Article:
Family Law Blog

17 May 2017

Building resilience and keeping perspective when divorcing a narcissist

Three years ago, I wrote the blog “The challenges in divorcing a narcissist” in collaboration with Dr Paul Hokemeyer.  My interest was in part a reaction to my clients, who over the years often characterised their spouses as suffering from a narcissistic personality disorder (NPD), and in part to help me work better with the divorce cases that I consider “the difficult ones”.  Increasingly, I have since found myself representing families where the complexity is not always the resources (i.e. the wealth) or the international dimension but the people who are involved (although it is very often all three at once).

Michael Rowlands

17 May 2017

Brexit - Messy divorce or amicable settlement?

As part of our commentary and sharing of insights on Brexit, we are introducing a series of guest blogs with views and perspectives from other jurisdictions. We are always very keen to know how other countries view the UK's decision to leave the EU and what issues and challenges they believe the UK or indeed their nationals and country may face along the way, with particular reference to their jurisdictions. In this blog of the series, we are welcoming a view from the Netherlands with a blog by Sandra Verburgt, Partner at Delissen Martens and an international family lawyer and mediator.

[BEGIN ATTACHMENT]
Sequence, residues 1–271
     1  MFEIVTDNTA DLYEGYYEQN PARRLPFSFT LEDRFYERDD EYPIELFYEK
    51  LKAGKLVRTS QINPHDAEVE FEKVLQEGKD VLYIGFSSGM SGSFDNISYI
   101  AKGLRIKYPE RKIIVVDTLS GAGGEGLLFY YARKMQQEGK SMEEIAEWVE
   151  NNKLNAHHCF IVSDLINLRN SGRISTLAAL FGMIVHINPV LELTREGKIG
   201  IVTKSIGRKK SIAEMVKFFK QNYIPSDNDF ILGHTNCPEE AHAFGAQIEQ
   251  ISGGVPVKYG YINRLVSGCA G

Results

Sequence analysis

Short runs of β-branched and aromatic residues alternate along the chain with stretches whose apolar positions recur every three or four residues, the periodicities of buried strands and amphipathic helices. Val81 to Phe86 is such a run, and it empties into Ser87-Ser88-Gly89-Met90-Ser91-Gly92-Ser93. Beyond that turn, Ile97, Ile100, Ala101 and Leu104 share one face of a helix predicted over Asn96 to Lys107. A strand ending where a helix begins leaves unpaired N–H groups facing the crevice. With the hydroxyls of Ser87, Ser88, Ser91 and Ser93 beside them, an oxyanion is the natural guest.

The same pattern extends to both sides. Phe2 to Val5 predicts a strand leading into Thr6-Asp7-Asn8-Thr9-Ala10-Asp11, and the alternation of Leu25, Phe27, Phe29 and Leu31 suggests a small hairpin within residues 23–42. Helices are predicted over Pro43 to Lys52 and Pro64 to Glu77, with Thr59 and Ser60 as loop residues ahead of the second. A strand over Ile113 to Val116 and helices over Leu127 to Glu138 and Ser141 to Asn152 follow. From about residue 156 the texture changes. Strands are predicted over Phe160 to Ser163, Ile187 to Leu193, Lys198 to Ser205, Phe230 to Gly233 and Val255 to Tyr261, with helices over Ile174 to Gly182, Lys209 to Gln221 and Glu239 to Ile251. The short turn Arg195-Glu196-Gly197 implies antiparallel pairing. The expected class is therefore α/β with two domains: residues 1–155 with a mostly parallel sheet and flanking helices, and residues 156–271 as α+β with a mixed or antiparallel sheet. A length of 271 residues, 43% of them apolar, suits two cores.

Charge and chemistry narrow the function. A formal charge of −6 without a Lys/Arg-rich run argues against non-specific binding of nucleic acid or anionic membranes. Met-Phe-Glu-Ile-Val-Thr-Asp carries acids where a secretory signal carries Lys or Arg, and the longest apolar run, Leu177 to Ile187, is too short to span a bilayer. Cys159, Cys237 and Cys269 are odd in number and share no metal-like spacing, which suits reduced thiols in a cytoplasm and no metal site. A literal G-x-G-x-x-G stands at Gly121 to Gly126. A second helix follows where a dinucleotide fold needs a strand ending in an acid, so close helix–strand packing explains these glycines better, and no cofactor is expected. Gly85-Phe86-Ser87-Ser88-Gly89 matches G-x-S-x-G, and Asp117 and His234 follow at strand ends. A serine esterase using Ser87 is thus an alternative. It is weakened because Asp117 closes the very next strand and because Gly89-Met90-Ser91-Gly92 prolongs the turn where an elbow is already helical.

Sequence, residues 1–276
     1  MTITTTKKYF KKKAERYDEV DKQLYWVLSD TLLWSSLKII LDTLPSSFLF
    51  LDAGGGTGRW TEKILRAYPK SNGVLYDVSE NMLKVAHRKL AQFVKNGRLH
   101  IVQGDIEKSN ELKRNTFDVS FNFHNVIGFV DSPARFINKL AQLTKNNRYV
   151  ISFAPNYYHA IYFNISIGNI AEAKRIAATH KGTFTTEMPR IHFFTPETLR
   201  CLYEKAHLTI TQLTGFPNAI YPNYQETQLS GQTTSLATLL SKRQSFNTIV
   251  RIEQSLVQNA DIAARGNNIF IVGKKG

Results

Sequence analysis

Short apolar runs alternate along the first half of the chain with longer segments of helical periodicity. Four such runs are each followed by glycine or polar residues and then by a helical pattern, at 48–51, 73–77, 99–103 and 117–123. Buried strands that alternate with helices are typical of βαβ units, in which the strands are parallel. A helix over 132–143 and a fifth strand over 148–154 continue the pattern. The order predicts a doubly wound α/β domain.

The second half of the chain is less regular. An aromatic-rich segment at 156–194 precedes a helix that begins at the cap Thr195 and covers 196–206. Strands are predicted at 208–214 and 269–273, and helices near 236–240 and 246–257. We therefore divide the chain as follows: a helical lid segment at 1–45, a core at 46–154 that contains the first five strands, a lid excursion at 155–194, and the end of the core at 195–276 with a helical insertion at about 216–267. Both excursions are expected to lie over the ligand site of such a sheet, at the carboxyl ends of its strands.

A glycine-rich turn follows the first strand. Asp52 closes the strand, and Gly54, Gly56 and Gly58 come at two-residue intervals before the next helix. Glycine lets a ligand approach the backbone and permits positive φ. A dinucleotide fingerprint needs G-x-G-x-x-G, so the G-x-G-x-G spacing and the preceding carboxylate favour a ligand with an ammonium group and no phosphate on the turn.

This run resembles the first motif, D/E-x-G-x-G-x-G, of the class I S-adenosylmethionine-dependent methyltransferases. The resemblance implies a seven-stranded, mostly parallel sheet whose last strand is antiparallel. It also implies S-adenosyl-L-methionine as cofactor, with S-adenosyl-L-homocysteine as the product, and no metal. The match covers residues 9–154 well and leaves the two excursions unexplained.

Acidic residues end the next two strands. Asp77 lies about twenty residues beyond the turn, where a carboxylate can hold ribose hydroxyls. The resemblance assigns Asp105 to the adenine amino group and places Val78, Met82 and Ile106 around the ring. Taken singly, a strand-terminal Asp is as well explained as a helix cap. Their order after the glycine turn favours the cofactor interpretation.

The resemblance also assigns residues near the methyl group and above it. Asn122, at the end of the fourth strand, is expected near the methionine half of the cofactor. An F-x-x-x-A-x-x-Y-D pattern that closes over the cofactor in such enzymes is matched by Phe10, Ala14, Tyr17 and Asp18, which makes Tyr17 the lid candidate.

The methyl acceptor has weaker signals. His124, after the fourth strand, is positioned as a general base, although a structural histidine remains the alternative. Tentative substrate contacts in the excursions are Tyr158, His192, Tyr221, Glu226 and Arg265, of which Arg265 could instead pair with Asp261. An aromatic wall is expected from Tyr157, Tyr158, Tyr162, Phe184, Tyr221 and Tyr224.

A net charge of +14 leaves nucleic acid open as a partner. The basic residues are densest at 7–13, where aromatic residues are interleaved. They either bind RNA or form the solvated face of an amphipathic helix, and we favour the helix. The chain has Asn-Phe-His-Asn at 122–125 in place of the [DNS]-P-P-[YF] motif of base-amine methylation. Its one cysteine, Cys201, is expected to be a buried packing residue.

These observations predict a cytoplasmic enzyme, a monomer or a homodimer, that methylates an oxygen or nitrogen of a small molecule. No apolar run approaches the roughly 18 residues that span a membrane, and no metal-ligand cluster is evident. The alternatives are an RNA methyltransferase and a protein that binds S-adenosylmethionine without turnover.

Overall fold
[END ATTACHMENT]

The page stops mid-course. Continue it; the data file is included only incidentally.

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15 May 2017

United Arab Emirates - the latest "tax haven" to sign up to enhanced tax transparency

On the 21 April 2017, the United Arab Emirates (UAE) officially signed up to the Multinational Convention on Mutual Administrative Assistance in Tax Matters.

David Sleight

5 May 2017

Brad Pitt speaks out on addiction and divorce

At last I have something in common with Brad Pitt - both of us spent part of this week speaking about divorce and drinking. Brad Pitt stunned the critics by talking openly about the impact of his drinking on his marriage to Angelina Jolie. These very public and honest words embrace in part The Twelve Steps of Alcoholics Anonymous by an admission through others of the nature of his wrongs and recognition that his life had become unmanageable.  

Michael Rowlands

18 April 2017

Conspiracy to divorce - finding fault then and now

Family lawyers currently aim to minimise the animosity caused by English fault-based divorce law by agreeing the wording of “unreasonable behaviour” petitions with the other party before they are filed at court.  We want to reduce conflict and give our clients the best possible chance of reaching amicable agreements about their children and finances.

Lauren Evans

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